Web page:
• painting or decorating the inside or the external surfaces of any building or structure;
  • services which form an integral part of, or are part of the preparation or completion of the services described above

VAT registered businesses must use the reverse charge when supplying building and construction industry services in situations where:

  • the customer is registered for VAT in the UK
  • payment for the supply is reported within the Construction Industry Scheme
  • the services supplied are standard or reduced rated
  • it is not an employment business supplying staff or workers
  • the customer has not given written confirmation that it is an end user or intermediary supplier

For those VAT registered businesses buying building and construction industry serviced, the domestic reverse charge must be used in situations where:-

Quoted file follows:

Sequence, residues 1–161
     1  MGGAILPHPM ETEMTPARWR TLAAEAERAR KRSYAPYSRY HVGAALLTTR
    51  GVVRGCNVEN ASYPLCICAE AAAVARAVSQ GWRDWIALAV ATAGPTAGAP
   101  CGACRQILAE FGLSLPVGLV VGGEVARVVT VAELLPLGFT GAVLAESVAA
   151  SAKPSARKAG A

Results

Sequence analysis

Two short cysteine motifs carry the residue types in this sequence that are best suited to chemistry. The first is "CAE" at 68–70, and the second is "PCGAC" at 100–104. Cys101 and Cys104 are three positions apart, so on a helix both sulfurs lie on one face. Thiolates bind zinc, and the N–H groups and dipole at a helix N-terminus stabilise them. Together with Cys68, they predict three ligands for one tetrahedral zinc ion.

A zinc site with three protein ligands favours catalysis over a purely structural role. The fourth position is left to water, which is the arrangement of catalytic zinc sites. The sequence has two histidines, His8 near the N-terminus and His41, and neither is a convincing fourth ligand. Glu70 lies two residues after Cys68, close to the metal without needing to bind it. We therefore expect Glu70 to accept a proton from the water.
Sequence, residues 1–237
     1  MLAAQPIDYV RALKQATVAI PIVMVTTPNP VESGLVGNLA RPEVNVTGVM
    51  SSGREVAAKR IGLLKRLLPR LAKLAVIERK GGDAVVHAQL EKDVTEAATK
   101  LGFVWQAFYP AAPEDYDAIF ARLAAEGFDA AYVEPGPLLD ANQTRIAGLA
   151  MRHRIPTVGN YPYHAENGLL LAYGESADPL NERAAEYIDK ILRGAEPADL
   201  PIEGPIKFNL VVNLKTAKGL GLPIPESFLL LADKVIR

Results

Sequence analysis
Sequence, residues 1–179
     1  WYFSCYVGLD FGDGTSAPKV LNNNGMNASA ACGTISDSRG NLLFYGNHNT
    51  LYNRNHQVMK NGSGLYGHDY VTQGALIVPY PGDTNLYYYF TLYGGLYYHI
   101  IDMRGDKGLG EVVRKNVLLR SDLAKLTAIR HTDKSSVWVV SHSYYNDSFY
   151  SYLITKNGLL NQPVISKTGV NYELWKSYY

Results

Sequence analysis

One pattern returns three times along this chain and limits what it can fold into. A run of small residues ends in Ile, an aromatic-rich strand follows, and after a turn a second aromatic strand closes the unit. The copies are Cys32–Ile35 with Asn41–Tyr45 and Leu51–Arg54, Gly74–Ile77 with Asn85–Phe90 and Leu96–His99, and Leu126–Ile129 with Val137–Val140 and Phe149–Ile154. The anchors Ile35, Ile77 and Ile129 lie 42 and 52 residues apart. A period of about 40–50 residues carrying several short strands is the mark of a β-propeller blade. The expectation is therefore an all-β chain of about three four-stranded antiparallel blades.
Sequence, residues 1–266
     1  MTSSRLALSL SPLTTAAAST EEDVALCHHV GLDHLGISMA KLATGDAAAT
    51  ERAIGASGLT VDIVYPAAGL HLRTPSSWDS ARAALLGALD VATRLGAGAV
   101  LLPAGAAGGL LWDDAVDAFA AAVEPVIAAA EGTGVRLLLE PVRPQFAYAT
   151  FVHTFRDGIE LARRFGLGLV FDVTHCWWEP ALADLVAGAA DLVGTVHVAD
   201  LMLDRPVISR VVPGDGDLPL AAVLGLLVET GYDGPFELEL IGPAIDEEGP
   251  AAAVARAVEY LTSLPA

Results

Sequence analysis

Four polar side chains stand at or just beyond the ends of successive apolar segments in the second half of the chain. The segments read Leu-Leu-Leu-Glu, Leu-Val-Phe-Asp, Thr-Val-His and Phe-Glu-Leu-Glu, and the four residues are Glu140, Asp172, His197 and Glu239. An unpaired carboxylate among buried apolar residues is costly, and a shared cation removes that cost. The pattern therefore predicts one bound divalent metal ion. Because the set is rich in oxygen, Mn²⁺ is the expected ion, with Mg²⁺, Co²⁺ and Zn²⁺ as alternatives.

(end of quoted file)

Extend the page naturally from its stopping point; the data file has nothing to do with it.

• payment for the supply is reported within the Construction Industry Scheme
  • the supply is standard or reduced rated
  • the supply does not involve the hiring of staff or workers
  • the customer is not using end user or intermediary exclusions
End users and intermediaries

An end user is a business that is registered for VAT and CIS but does not make onward supplies of the building and construction services supplied to them. The domestic reverse charge will not apply to supplies to end users where the end user tells its supplier or building contractor in writing that it is an end user.

An intermediary supplier is one that is registered for VAT and CIS and is connected to an end user. The domestic reverse charge will not apply in situations where an intermediary supplier buys construction services for onward supply to a connected or linked end user without making material changes, the intermediary will be treated as an end user.